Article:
Awarding the German Environmental Prize is one of the DBU’s most important tasks. The prize, which has a total remuneration of EUR 500,000, was awarded this year for the 27th time. The recipients were soil scientist Prof. Dr. Ingrid Kögel-Knabner and entrepreneur Reinhard Schneider. Kögel-Knabner, from the Technical University of Munich, Freising, researches topics that include the mechanisms that are involved in stabilising carbon dioxide in soil. With his comprehensive corporate sustainability strategy and high level of personal dedication, Reinhard Schneider, owner and managing director of Werner & Mertz GmbH, Mainz, has paved the way for environmental standards to be established at an ever-higher standard across the cleaning products industry.
Steinmeier: “We need heroes to help save the environment.”
German President Frank-Walter Steinmeier, who presented the prizes at the awards ceremony in Mannheim, recognised the prize winners in his speech in front of around 1,200 attendees, including Franz Untersteller, Minister of the Environment, Climate and the Energy Sector of Baden-Württemberg: “This Environmental Prize celebrates pioneers and heroes. It honours those who inspire hope because they demonstrate solutions to our problems. Once again this year, the prize is going to two exceptional individuals.”
Prize winner Kögel-Knabner is a role model for future generations of researchers: “With her research on the formation and composition of the organic matter in soil, she has pushed the boundaries of established knowledge. In a way, her research is as down-to-earth as it is extraordinary.” Kögel-Knabner has helped us to see how soil usage fits into a much larger picture – the global climate and the “truly alarming changes” that it is currently undergoing. After all, climate change is not only caused by factories and power plants, but is also the result of how we use the soil, which is the planet’s largest carbon sink.
“We can accelerate or decelerate climate change depending on how we use the soil,” said Steinmeier. We are already observing droughts that go on for months, torrential rains and flooding, and highly destructive storms in the countries of the global south. Summertime heatwaves have also become more frequent in Europe. “Soil science can help people to adapt their agricultural methods to these extremes.” That is why Ingrid Kögel-Knabner’s research is so important.
Schneider, President Steinmeier continued, acted responsibly as a businessman long before any of his contemporaries took action. His pioneering efforts demonstrated that environmental consciousness and commercial objectives are not in conflict with one another, instead turning this into his recipe for success. He streamlined his products and production processes until they were “fully sustainable”.
“Our planet is under threat and you, Mr. Schneider, wanted to take do something about it – and you have. When more consumers are paying closer attention in our supermarkets, this in turn increases pressure on manufacturers to become more environmentally friendly. However, this does not mean that politicians no longer have to hold up their end of the bargain. It is the state’s responsibility to regulate these matters and to step in wherever the market is not or not sufficiently attending to issues of environmental and climate protection.” The state’s toolbox includes transparency, consumer protection through quality labels, prices that also reflect the true cost for the environment and – where necessary – bans.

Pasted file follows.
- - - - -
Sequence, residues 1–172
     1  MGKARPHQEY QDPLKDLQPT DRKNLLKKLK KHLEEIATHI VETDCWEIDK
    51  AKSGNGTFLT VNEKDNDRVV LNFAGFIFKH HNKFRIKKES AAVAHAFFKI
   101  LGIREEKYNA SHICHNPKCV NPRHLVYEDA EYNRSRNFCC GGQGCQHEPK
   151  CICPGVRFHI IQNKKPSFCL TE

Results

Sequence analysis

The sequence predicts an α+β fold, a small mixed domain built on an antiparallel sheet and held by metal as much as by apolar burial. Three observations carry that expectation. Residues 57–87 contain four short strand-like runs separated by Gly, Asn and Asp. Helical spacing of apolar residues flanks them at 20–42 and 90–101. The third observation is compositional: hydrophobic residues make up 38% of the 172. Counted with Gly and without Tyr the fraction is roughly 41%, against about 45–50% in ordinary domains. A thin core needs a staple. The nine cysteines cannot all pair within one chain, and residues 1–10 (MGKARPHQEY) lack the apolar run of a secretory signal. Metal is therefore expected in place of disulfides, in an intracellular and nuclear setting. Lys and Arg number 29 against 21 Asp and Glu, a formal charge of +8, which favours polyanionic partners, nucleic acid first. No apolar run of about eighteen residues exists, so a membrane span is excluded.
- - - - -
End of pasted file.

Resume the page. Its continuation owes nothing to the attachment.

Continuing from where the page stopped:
“What conflicts of interest are we facing? What is the cost of our actions and what is the cost if we fail to act?” said Steinmeier, offering attendees food for thought. At the end of his speech, President Steinmeier called on German citizens to establish a “virtuous circle for the future” in terms of environmental and climate protection by “taking courageous decisions today.” “The future is not predetermined, and it is up to us to decide what we want it to be.”
Schneider: “Plastic could be one of the most environmentally friendly materials of our time if we can learn to use it correctly.”
In short films and in a discussion with the moderator Judith Rakers, the prize winners once again underscored their positions.
For example, Schneider said that companies need to shift their focus to sustainability and assume responsibility for offering consumers attractive products and services. “It’s important that companies work during the development phase to ensure that that products can be recycled; for example, that they don’t involve different kinds of plastic that can no longer be separated.” In theory, plastic could be nearly completely recycled with almost no loss and using an extremely low-energy process, which would essentially result in zero waste.
Kögel-Knabner: “Our understanding of the role that soil plays in climate and environmental protection has improved dramatically; however, it has not yet reached the general public.”
Kögel-Knabner said that soil has many functions to perform. “It needs to trap carbon dioxide in order to fight climate change. However, soil also needs to be fertile because we also need to feed the growing global population. A handful of soil contains more organisms than there are people on the planet. This means that we have a great deal of biodiversity here that we want to protect,” according to the geo-ecologist.
Bonde: “We hope that you will get involved – we are always looking for innovators.”
At the end of the awards ceremony, DBU General Secretary Alexander Bonde invited everyone present to continue to work together on innovations and solutions for our ecological challenges.
Schlagzeugmafia from Mannheim provided the musical accompaniment for the ceremony.